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Metalworker employers meet Numsa for strike talks

Kamlesh Bhuckory, Rene Vollgraaff

Industry body Seifsa is said to be meeting with Numsa on Wednesday morning to discuss a wage agreement.

Numsa will meet with representatives of employers from the metals industry to firm up a wage deal that is at

The South African union leading a walkout by 220 000 metalworkers will resume talks with employers on Wednesday on ending the strike after mediation from the Labour Ministry.

The National Union of Metalworkers of South Africa (Numsa) is meeting the Steel and Engineering Industries Federation of Southern Africa (Seifsa) at 9am, Numsa National Treasurer Mphumzi Maqungo said by mobile phone on Tuesday. The union hasn’t yet received a new offer from the employers group, he said.

Government officials met separately with Numsa and representatives of manufacturing and engineering groups on Tuesday, Mokgadi Pela, a spokesperson for the labour department, said by phone. “Talks are at a very advanced and sensitive stage,” he said. The parties are close to an agreement on wage increases while contentious issues include labour brokers, youth wage subsidies and housing allowances, he said.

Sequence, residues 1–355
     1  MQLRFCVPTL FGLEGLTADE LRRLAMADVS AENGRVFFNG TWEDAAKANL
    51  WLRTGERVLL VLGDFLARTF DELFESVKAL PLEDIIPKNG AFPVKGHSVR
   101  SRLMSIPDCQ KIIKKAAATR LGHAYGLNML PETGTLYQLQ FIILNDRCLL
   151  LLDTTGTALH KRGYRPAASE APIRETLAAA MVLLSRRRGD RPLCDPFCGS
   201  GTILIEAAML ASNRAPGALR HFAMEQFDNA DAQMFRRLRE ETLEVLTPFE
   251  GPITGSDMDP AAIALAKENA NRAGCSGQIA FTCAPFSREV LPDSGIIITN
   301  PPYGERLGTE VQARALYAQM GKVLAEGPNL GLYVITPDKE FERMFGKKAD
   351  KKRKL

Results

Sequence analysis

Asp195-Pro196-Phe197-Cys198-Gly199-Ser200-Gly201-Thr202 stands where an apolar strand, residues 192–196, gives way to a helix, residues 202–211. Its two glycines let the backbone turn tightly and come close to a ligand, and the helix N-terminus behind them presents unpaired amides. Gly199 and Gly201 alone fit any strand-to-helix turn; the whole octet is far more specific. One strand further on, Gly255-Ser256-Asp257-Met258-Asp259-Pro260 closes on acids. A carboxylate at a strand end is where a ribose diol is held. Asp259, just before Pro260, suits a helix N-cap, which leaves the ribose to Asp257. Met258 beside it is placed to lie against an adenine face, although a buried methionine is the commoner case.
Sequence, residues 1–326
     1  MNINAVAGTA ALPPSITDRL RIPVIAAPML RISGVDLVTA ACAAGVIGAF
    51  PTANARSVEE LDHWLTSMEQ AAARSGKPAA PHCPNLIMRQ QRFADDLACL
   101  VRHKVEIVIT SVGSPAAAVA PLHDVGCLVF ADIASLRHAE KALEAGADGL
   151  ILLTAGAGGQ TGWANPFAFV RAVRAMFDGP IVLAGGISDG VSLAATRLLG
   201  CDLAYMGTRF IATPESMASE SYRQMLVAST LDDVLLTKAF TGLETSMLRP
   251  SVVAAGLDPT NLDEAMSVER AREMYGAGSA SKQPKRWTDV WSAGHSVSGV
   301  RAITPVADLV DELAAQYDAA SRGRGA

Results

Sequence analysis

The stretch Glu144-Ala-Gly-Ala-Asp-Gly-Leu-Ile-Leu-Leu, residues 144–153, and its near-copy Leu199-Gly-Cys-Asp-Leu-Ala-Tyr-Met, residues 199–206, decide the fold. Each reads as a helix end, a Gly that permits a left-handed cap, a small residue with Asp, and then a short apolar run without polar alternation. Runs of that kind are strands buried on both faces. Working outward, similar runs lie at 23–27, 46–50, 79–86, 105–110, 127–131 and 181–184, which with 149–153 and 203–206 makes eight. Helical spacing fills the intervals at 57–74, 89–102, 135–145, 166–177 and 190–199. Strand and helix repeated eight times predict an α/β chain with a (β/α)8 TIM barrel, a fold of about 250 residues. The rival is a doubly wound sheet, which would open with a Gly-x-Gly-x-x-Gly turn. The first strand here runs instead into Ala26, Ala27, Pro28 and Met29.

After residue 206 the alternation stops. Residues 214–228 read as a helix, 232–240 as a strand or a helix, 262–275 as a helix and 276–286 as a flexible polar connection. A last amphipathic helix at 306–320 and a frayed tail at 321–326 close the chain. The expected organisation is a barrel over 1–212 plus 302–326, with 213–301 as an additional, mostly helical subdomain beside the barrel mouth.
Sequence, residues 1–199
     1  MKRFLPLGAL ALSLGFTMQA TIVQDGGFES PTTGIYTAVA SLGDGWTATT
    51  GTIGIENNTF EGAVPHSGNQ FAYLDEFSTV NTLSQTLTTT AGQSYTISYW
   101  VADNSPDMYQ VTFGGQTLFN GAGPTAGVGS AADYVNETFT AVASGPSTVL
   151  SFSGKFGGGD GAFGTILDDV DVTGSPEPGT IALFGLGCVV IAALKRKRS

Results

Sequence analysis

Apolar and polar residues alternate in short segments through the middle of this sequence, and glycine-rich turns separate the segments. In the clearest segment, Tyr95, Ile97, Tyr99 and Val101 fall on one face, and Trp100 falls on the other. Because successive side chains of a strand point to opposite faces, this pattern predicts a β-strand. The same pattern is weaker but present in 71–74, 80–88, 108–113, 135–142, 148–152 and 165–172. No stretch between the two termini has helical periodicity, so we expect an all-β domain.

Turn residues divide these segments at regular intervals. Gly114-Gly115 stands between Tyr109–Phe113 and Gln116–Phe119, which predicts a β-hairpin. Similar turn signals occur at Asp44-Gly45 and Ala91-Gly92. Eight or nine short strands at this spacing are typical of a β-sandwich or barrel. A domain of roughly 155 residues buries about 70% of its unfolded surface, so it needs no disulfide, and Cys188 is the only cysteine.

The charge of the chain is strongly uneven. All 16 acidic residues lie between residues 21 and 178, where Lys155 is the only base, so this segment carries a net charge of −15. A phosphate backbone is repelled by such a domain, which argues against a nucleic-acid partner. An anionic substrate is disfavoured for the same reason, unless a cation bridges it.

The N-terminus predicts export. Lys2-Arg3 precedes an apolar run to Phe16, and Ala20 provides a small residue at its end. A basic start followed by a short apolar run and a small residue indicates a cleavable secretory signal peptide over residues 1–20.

The strike that began on July 1 is costing the South African manufacturing industry about R300-million ($28-million) per day, according to Seifsa. As many as 12 000 employers are affected, while supply and production has been hurt at carmakers including General Motors and BMW.

Numsa last week rejected an improved offer from Seifsa, the main employers’ group, to increase the salaries of lowest-paid workers by 10% this year. Numsa is demanding a 12% raise. South Africa’s annual inflation rate was 6.6% in May.

Police arrested 53 Numsa members on Tuesday following attacks on trucks and offices east of Johannesburg, according to Lungelo Dlamini, police spokesperson for Gauteng province, where Johannesburg and Pretoria are located.

“They were arrested in relation to malicious damage of property and public violence,” Dlamini said by phone. “We are monitoring the strike with more vigilance.” – Bloomberg

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